How To Make Your Text Follow A Path In After Effects


Hey everyone, this is Owen with Motion Array and in this tutorial I’ll be showing you how to align text to a path in After Effects. Alright let’s get started.

How To Make Your Text Follow A Path In Adobe After Effects

This text has been transcribed from the video for optimal reading

Begin by making a new composition that’s 1920x1080, 29.97. Add a new solid (Layer > New > Solid) and name it “Background”. With the background layer selected go to Effects > Generate > Gradient Ramp. In the Gradient Ramp settings change the start color to a light, pale yellow and the end color to a darker version of that yellow. Move the start of the ramp to 960, 540 and the end of the ramp to 960, 1700. Change the Ramp Shape to Radial Ramp. Then change the Ramp Scatter to 100. Now you should have a nice background that is vignetted at the edges. 

Use the type tool create a new text layer and type out whatever you want your layer to say. With the text layer selected, use the pen tool to draw out the path you want the text layer to align to. Twirl down the text options of the layer to get to Path Options and under Path, choose the mask you just drew. You may need to adjust your text size and tracking at this point to make sure it still looks good. The cool thing about having your text aligned to a path is that you have some new properties to play with under path options. First and Last Margin allow you to move your text along the path which allows for some unique animations. If you slide your First Margin value into the negative values you can have your text start at the beginning of the path or even past that. You can then set a keyframe and move down your timeline and change the First Margin to a higher value and then you’ll have an animation of the text sliding along the path. 

On top of all this, you can also use text animators to help add even more interest. In this case, I’ve dawn a path that’s roller coaster-esque. I want the letters of the word to scrunch together as the word comes to a pause and then stretch back out as it starts back up again. The first thing to do is switch the type layer to right justified. Set a keyframe for Last Margin so the text sits all the way to the left of the path. At frame 45 set another keyframe for the Last Margin where you’d like it to pause. Go to frame 75 and set another keyframe for Last Margin with the same value. Then set a keyframe at frame 120 for Last Margin so that the type is all the way to the right of the path or wherever you want it to end. Easy ease the Last Margin keyframes at frame 45 and 75. In the text add menu, add Tracking to create a new animator. Set a keyframe for Tracking Amount at frame 10 with a value of 0. At frame 37, change that value to -15. Set another keyframe at frame 75 for -15, and then at frame 120 set the value back to 0. Easy ease the keyframes at frame 10 and 75. Option click on the stopwatch for Tracking Amount and paste in the following expression:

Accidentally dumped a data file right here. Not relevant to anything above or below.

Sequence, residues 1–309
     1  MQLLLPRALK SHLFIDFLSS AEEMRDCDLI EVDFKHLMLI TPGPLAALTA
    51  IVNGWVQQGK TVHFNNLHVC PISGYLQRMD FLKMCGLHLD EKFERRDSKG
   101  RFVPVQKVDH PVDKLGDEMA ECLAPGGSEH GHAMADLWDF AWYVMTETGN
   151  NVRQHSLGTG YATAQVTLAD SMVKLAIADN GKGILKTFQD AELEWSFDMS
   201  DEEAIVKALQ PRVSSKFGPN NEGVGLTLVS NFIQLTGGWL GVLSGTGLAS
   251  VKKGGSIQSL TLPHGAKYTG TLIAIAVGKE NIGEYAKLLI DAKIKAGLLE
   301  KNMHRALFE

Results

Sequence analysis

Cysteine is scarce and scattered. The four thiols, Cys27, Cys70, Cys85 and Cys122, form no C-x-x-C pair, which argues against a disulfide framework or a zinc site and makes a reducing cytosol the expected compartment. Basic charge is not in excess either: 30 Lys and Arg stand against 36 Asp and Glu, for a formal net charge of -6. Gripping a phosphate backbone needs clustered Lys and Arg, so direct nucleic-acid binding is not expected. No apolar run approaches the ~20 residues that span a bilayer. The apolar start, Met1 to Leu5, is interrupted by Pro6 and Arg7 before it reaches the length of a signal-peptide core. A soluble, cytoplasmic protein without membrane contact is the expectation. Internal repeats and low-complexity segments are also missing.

amp = .15;
freq = 2.0;
decay = 5.0;
n = 0;
time_max = 4;
if (numKeys > 0){
n = nearestKey(time).index;
if (key(n).time > time){
if (n == 0){ t = 0;
t = time - key(n).time;
if (n > 0 && t < time_max){
v = velocityAtTime(key(n).time - thisComp.frameDuration/10);
value + v*amp*Math.sin(freq*t*2*Math.PI)/Math.exp(decay*t);

This is the “inertia” expression, which will give the animation some bounce. That should complete the look for this roller coaster text!

Well, that concludes this tutorial. I hope you found it helpful, if you did, please give us a thumbs up and if you’d like to see more tutorials please go ahead and subscribe because we’re making new ones all the time.  I hope you guys found it helpful.  If you did, we’ve got lots of other Premiere Pro tutorialsAfter Effects tutorials and filmmaking tutorials!

Thanks for watching and see you in the next video.

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